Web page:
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Forecast predicts less young voters for 2012 election

Submitted by Jacob Ellerbee on October 17, 2012 – 1:00 pmNo Comment

With the 2012 presidential election just around the corner, UALR students are beginning to think about the election, but thinking about the election is as far as many of them will go. Predictions, based on recent trends, forecast that more than half of young people (ages 18-24) will not be voting in the national election next month.

The United States Census Bureau recently released extensive voter statistics from 2008, showing just 48 percent of citizens between ages 18-24 voted in the election. The report showed 25.7 million young people met all of the requirements to vote in 2008; however, only 12.5 million of them actually went to the polls to cast a vote.

Young people habitually have the fewest number of representatives when it comes to voter turnout statistics. So, the Census Bureau asked young people why they may not have voted. The most frequently cited reason was, “too busy, conflicting schedule.” Another reason frequently cited on the survey was, “not interested.”

Some UALR students expressed their opinions about the voting process. Abby Pyland, a sophomore nursing major, said it is an important experience for young people to attain, “I think that it shows a level of maturity and is an important rite of passage for teenagers into adulthood and it is very important to let your voice be heard.”

As evident by the Census Bureau data, not all young people share the same view as Pyland. In fact, Carlos Sepulveda, a junior economics major, said she feels it’s a waste of time to vote, “I don’t generally agree with the consensus, so I don’t bother to register [to vote].”

This November, there are a couple of issues on the ballot that may be of interest to young voters. At the local level, Arkansans will vote on authorizing the use of medical marijuana and increasing sales taxes by a half-cent. At the national level, voters will be choosing who they see best fit to lead the country out of an economic recession and into a time of ubiquitous job growth. And on a global level, a key issue will be finding a way to calm the tensions between Iran and Israel.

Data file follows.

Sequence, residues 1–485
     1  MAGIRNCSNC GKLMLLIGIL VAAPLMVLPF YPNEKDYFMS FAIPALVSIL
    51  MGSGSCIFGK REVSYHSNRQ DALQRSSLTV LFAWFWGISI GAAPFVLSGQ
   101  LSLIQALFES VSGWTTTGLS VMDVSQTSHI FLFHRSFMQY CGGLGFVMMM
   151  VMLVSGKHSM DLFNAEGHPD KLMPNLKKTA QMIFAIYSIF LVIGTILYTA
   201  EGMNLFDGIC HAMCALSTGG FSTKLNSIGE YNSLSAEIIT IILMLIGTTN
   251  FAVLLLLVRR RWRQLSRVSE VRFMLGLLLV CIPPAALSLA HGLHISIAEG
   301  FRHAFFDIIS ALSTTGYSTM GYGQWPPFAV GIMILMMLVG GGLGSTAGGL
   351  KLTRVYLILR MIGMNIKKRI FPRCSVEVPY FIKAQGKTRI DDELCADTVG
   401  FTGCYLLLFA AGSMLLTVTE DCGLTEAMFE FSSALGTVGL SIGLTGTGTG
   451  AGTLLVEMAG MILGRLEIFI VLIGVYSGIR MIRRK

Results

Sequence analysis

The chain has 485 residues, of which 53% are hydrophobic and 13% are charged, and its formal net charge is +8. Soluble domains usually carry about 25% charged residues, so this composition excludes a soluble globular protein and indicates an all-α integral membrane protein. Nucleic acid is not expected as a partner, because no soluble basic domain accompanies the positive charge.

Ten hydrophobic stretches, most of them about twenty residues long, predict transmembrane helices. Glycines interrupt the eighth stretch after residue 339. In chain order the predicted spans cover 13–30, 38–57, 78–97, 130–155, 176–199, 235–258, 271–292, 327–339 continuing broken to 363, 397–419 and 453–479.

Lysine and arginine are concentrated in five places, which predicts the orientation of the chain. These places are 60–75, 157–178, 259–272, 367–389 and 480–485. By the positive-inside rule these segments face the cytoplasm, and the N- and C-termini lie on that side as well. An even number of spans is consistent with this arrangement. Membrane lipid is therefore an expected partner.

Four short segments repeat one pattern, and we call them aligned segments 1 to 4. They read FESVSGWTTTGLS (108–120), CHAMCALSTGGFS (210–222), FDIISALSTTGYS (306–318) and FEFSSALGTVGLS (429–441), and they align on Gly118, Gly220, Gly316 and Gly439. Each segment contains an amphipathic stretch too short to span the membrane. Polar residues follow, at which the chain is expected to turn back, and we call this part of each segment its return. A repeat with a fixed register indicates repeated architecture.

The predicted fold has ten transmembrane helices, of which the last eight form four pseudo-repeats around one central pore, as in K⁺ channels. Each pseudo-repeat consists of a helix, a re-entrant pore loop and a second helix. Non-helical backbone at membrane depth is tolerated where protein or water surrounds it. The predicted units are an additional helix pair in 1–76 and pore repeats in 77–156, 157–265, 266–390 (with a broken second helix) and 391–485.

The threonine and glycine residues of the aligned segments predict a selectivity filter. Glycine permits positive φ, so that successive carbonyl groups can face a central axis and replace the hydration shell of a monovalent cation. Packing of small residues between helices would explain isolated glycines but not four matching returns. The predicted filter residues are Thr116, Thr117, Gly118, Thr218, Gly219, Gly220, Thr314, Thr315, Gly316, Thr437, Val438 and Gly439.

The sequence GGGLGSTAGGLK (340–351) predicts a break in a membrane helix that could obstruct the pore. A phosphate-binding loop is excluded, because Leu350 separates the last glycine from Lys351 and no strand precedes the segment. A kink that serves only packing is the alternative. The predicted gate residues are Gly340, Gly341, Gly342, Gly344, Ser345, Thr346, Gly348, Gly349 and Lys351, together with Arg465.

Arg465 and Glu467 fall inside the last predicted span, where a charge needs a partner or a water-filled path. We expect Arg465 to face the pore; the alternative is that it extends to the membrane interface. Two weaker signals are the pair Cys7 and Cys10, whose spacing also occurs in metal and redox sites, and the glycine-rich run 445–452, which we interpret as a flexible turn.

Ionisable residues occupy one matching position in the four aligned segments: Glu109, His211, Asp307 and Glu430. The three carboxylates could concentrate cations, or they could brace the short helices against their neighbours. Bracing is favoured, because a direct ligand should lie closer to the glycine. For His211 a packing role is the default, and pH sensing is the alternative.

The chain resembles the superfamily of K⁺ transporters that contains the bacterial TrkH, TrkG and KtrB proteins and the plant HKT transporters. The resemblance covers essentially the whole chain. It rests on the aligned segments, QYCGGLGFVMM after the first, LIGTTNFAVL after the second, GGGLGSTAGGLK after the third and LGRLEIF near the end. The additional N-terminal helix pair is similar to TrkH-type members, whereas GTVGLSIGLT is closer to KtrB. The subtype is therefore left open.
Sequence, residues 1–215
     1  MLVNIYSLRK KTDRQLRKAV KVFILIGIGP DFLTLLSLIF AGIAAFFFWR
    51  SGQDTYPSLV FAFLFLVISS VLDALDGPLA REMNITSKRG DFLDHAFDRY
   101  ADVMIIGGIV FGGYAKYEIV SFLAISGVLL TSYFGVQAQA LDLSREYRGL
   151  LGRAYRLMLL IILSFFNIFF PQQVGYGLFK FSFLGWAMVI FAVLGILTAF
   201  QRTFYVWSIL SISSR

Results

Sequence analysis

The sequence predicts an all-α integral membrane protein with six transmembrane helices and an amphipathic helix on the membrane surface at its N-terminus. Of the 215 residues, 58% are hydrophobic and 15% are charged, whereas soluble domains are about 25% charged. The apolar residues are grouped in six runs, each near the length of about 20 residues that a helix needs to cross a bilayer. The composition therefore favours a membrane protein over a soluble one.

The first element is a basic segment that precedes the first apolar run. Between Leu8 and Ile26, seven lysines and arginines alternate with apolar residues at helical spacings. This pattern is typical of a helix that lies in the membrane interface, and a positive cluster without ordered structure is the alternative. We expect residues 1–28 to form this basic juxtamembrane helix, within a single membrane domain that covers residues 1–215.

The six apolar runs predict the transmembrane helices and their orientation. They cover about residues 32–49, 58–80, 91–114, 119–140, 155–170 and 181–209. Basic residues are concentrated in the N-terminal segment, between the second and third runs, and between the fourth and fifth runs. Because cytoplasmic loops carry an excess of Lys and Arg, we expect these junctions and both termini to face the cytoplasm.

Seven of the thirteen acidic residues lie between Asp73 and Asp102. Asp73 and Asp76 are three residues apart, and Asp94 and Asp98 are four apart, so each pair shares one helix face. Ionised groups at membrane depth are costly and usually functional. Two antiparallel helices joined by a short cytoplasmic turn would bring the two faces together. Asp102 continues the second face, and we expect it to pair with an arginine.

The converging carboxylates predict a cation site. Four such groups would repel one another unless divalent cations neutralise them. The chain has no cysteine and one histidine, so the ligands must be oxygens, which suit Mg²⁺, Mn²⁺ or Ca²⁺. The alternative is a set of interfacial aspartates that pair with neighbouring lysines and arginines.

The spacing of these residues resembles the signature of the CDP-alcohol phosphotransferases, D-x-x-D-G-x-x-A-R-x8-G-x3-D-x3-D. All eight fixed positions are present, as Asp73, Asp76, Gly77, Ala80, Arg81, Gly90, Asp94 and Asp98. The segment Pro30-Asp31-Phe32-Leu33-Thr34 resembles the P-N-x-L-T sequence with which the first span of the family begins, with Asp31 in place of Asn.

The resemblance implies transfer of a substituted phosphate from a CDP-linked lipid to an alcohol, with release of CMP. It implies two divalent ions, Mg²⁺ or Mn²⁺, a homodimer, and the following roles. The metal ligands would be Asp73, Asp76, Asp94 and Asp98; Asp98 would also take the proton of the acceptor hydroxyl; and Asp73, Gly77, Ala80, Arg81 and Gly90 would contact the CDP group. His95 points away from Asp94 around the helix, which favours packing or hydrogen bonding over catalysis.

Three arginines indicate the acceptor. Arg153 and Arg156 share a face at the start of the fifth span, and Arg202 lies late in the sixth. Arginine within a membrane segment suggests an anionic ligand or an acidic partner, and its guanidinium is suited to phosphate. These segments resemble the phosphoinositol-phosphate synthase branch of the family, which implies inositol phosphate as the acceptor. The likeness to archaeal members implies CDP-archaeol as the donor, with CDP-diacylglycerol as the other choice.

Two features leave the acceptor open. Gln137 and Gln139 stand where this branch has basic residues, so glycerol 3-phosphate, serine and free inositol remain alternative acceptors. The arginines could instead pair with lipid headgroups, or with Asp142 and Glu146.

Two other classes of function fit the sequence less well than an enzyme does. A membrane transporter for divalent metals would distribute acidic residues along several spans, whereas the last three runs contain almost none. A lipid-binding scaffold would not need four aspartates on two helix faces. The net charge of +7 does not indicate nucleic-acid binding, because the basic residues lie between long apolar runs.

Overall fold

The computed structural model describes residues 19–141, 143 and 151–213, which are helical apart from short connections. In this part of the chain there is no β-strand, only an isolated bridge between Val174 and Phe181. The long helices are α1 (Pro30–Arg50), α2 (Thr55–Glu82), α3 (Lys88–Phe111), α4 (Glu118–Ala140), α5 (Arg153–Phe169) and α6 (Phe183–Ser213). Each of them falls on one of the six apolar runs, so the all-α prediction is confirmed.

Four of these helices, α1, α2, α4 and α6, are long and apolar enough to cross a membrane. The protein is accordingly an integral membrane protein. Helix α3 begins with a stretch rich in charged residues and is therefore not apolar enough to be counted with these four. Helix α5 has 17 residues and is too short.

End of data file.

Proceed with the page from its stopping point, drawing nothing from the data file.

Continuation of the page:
Iran says it is enriching uranium to develop nuclear energy. Israel says Iran is enriching uranium to develop a nuclear weapon to attack its country. In the next term, the President will need to make tough choices regarding military action, foreign diplomacy and an anemic world economy. A young person’s vote will directly affect many or all of these issues.

Unbeknownst to some, a vote cast for President of the United States could also be a vote which influences potential judicial appointments. In a conversation with  Bruce Plopper, a UALR School of Mass Communication professor who helped pass the Arkansas Student Publications Act in the mid-’90s, he predicted that the next U.S. President is likely to appoint a new Supreme Court Justice. There are three Supreme Court Justices of the United States that are in their mid-to-late ‘70s: Justice Antonin Scalia (conservative), Justice Ruth Bader Ginsberg (liberal) and Justice Anthony Kennedy (whom Plopper calls a “swing voter”).

Plopper reminds young people to pick their presidential candidate wisely, because “whoever is elected in November will most likely have the chance to appoint one or more justices who could change the complexion of the Court.” Experts speculate that if Gov. Mitt Romney is elected president, perhaps conservative justices will be appointed. If President Obama is re-elected, perhaps liberal justices will be appointed.

According to the Associated Press, issues already on the Supreme Court of the United States docket include affirmative action, national security issues and human rights issues. Possible cases that may be added to the docket during the coming months include same-sex marriage, voting rights and abortion rights.

If any Arkansas resident is unsure if he or she is registered to vote, the Secretary of State offices have provided a mobile site to quickly check voter eligibility in next month’s election. By going to, you can view a sample ballot that will be similar to the one used  on Election Day. Within the mobile site you can also find out where you need to go to vote on Election Day. The 2012 United States presidential election will be held Tuesday Nov. 6.


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